Enhancing Video-Rate Fluorescence Imagery Collected in the Second Near-Infrared Optical Window for Diagnostic Real-Time Surgical and Post-Surgical Applications

Applications

This technology is a fluorescence-based imaging system that has applications in biomedical research and in medicine for intraoperative tumor detection and delineation.

Problem Addressed

Near-infrared (NIR) fluorescence-based imaging has the potential to detect tumors with high sensitivity and high specificity in real time. Current approaches employ fluorescent dyes and operate mostly in the first NIR window (NIR-I, 700 - 900 nm) for image-guided use. To image tissue, visible light and fluorescence images are either taken with the same detector or with multiple cameras in different spectral ranges simultaneously or sequentially. Systems that can detect both visible and fluorescent imaging simultaneously use silicon-based detectors that are sensitive to visible and NIR-I spectral bands. However, to properly separate these narrowly-spaced passbands, expensive spectral filters with narrow fields-of-view are required. Other systems which instead use multiple cameras to detect visible light, NIR-I, and/or the second NIR window (NIR-II, 1000 - 1700 nm), must fuse the images from all these detectors to create the combined image via post processing. This image fusion requires precise optical alignment and positioning, which ultimately increases the size, weight, and cost of the imaging system. This fluorescence-based imaging technology overcomes the limitations of these two approaches. Moreover, NIR-II imaging technology can offer better tissue penetration, reduced light scattering, and lower tissue autofluorescence.

The present invention is an improved method for image acquisition in both the NIR-I and NIR-II spectral windows using a single image detection system.  It is also compatible with nearly all LED surgical illuminators.

Technology

This technology enables the intraoperative detection of tumors using both reflectance imaging at the edge of the NIR-I band and fluorescence imaging in the NIR-II band. In this system, the target tissue is irradiated by two NIR light sources emitting light at two different wavelengths - both of which are shorter than 1000 nm. An ordinary LED surgical illuminator can also be used during fluorescence imaging, allowing the surgical team to view the surgical field throughout the entire surgical procedure.

The first light source can be an LED which emits around 970nm, where tissue reflectance is high due to the strong water absorption at 960nm. The NIR detector senses the reflected 970nm light and creates a “visible-like” image on the display screen which closely emulates a monochrome visible image. This anatomically co-registers the surgical field with the brightly fluorescing tumors, to facilitate resection, and to give the surgeon the spatial orientation they need when locating small tumors embedded just beneath the tissue surface.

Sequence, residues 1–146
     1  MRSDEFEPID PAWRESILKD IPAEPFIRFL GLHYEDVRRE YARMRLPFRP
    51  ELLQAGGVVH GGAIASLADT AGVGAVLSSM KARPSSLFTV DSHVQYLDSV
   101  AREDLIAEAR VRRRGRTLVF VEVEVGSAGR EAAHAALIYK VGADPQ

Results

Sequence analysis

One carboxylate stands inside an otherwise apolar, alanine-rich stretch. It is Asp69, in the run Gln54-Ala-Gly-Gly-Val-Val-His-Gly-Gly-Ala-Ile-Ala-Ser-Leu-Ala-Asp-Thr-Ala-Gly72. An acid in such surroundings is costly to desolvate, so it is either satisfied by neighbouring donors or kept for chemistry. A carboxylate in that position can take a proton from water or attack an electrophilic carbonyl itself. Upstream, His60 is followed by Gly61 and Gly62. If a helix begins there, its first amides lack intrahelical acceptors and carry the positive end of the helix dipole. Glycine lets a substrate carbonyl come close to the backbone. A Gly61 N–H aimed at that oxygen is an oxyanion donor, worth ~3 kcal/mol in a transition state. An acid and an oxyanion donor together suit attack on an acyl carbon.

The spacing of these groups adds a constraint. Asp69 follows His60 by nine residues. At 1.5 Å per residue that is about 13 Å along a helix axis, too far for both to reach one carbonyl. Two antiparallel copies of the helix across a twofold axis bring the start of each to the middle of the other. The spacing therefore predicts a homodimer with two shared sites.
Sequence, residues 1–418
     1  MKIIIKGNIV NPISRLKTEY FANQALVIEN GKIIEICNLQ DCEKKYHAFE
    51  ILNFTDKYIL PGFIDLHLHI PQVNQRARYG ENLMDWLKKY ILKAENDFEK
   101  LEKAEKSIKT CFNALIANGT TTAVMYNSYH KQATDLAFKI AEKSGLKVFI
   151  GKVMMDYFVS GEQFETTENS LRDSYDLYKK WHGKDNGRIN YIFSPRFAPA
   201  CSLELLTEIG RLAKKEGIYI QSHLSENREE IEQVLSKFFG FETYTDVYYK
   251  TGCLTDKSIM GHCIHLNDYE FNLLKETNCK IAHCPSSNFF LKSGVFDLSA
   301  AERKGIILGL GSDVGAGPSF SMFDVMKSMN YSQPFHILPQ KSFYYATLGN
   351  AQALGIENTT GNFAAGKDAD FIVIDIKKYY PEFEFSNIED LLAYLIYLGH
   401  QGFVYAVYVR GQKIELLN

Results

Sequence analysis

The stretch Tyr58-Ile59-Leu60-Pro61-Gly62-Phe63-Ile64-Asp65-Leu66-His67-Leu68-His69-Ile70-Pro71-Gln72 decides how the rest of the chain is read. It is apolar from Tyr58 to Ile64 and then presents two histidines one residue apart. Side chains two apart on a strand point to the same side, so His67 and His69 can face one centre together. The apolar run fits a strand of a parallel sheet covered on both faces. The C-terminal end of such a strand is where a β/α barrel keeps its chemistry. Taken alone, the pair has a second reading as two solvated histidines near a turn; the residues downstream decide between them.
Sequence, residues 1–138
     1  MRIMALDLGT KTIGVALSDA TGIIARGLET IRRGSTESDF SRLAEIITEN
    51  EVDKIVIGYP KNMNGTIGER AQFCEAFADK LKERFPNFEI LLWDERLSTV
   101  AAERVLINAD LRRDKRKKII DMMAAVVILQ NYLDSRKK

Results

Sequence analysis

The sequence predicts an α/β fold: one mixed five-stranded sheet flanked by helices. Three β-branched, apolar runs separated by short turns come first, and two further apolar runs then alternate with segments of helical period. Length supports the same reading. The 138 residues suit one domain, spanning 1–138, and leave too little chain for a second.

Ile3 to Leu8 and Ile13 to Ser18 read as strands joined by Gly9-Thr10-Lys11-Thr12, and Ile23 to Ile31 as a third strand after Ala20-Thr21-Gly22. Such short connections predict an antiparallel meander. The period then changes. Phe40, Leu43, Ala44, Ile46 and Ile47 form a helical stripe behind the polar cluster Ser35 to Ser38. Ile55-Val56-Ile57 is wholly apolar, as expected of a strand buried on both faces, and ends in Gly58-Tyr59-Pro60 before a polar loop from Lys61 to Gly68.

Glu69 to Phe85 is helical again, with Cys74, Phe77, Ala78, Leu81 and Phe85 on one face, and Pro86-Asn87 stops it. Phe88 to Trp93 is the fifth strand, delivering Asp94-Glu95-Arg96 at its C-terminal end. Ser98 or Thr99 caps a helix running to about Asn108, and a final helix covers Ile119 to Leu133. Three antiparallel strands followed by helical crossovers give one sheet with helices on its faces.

The second light source can be an 808 nm diode laser that excites functionalized fluorescent molecules which localize the tumors. These unique fluorescent molecules can be excited by 808nm light and then emit light in the NIR-II spectral band. Both the reflected light and the fluorescent light irradiated from the tissue are captured by a single imaging camera operating in the NIR-II spectral window. Importantly, this single camera can detect both reflected light and fluorescent NIR light. Since the intensities of both NIR light sources can be adjusted independently of each other, the users can select a “visible-like” tissue view, a sharp tumor-only view, or a blended combination of both views which provides excellent tumor registration together with an adjustable level of tissue imaging. This allows the surgeon to quickly locate and resect each tumor in turn. Flashing the 808nm NIR source means only the fluorescing tumors themselves “flash,” making even pinhead-sized tumors or sub-surface tumors clearly noticeable within the visible-like context image.  The NIR camera is only sensitive to light with wavelengths greater than ~950 nm, which minimizes the effect of daylight and ambient room light - especially with modern high-efficiency LED lamps. 

Advantages

  • Achieves intraoperative fluorescence imaging of tumors
  • One camera performs fluorescence and reflective “visible-like” imaging with perfect image registration
  • Does not require costly spectral filters

Intellectual Property

IP Type: Granted US Patent

IP Title: Enhancement of video-rate fluorescence imagery collected in the second near-infrared optical window

IP Number: US10,598,914